Everyone wants to know who the military will vote for this year, both because of the way their votes will affect swing-state outcomes and because of the way military opinion may shape the opinions of their friends and families. Esther Schrader covers that subject pretty well in this L.A. Times article
discussing the recent National Annenberg Election Survey conducted by the University of Pennsylvania
But in addition to the election-oriented questions, there were some other answers that piqued my interest. Here are a few from Ms. Schrader's story:
Of 655 respondents surveyed in every state, 56% of service members and 64% of military family members said too much of the weight of fighting the war had been put on the Guard and Reserve when active duty forces should have been expanded instead.These statistics are staggering.
Only 38% of respondents said that reserve forces had been properly trained and equipped for the mission. Forty-two percent said they had not.
The respondents also overwhelmingly disagreed with the Pentagon policy of barring photographs of flag-draped coffins being returned to Dover Air Force Base in Delaware. Fifty-one percent of the military sample said allowing photographs would increase respect for the sacrifices made by the military. Only 8% said it would reduce respect.
The respondents insisted on punishment tor those involved with abuse of prisoners at Abu Ghraib. Fifty percent said higher-level commanders in Iraq should be punished, and 29% said civilians in the Pentagon should be punished.
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Only 30% said they thought veterans were getting the health care they had been promised. And while 57% said that Pentagon-ordered extensions of service beyond enlistment dates were proper, 39%, a significant minority, said they were not.
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The poll's findings on attitudes toward gays in the military also showed striking differences by rank. Commissioned officers and their families opposed their inclusion by 53% to 39%. Noncommissioned officers and their families were also clearly opposed, by a 57% to 35% margin.
But 50% of junior enlisted personnel said gays and lesbians should be allowed to serve openly, while 43% said they should not.
On the issue of women in the service, once divisive, the military sample overwhelmingly approved of the work of women in the armed forces. Seventy-four percent said they performed as well as the men they served with, 10% said they did worse than men, and 7% said they did better than men.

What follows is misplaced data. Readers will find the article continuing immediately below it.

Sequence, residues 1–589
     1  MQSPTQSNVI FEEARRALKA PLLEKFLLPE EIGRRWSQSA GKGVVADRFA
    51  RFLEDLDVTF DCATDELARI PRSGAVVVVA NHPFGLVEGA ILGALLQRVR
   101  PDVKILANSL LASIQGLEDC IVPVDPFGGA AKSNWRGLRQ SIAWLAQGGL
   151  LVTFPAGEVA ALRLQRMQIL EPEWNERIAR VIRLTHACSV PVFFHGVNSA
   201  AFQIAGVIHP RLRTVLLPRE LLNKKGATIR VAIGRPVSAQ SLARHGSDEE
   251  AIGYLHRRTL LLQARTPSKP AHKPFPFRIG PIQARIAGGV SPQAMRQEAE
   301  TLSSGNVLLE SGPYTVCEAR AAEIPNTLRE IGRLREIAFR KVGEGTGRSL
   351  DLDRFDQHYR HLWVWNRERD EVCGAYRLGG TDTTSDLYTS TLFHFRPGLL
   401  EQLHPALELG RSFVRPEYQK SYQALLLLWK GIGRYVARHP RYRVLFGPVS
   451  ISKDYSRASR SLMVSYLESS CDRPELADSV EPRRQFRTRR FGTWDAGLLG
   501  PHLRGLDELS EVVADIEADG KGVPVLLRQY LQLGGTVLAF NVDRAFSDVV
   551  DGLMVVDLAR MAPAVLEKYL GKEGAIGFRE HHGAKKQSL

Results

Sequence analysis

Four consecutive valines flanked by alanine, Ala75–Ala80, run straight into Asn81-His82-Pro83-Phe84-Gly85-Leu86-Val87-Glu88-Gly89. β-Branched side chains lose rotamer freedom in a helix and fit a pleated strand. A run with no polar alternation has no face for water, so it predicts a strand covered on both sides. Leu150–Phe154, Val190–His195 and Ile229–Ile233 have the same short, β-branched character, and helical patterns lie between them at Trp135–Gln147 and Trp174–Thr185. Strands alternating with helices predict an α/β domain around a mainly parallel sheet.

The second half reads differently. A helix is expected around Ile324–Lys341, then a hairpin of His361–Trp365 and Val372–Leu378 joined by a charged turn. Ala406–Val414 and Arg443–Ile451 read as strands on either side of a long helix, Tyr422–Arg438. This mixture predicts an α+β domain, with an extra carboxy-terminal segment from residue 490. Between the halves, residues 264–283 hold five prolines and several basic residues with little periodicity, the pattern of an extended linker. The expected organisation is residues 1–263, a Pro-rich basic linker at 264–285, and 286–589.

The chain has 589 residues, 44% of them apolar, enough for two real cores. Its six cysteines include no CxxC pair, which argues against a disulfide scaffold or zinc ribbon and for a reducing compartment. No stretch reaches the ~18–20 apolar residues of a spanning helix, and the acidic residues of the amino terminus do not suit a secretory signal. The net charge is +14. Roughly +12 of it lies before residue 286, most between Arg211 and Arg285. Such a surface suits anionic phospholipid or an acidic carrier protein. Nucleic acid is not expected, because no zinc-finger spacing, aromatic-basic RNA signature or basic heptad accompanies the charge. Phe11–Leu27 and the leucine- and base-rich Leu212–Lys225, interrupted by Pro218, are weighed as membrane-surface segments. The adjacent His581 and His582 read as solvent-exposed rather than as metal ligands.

For one thing, it's really hard to conduct opinion surveys of the military, because the Pentagon doesn't generally allow it lest the military get too wrapped up in electioneering or political activity. The Military Times organization recently conducted a survey of its readership, but that generally included military professionals and too few junior enlisted personnel. Sometimes, you can conduct a survey of Fayetteville N.C. or Killeen TX and get a fairly military-oriented sample. But in general, it's really hard to get these kinds of numbers. So, these are very significant, because they give us a glimpse into the military mind in a way that just doesn't happen very often.
What these numbers tell me is that the military is far more
progressive and pragmatic than most politicians give it credit for. Take the stance on women and gays in uniform. Most people take it for granted that the military supports the ban on gays in uniform, and that most soldiers don't want women in the military. But ask any soldier who's been there and done that (and got the t-shirt), and he/she will tell you that what matters is getting the job done -- not who you are. Similarly, these soldiers also don't seem to care much for the Bush administration's approach to handling Abu Ghraib. Ask PFC Joe Snuffy, and he'll tell you that a few officers ought to be paying the price that SPC Sivits and other enlisted men are paying for those prison abuses. And the list goes on. The bottom line is that the military mind isn't what most people think it is.
The important thing to remember is that we have an all-volunteer military that is, in many ways, a cross-section of America. The caricature of a U.S. Army NCO applies in some cases; I certainly knew my share of truck-driving, tobacco-chewin', gun-totin', thrice-marryin', church-goin', GOP-votin', tough grizzled NCOs from the South. But for every one of those, I also knew a Puerto Rican NCO, a black NCO -- I even knew an NCO from New York with a graduate degree in computer science. Opinion surveys like this are useful, but to some extent, they tell us what we already know: that the U.S. military is a reflection of U.S. society, with all of its diversity and disagreements.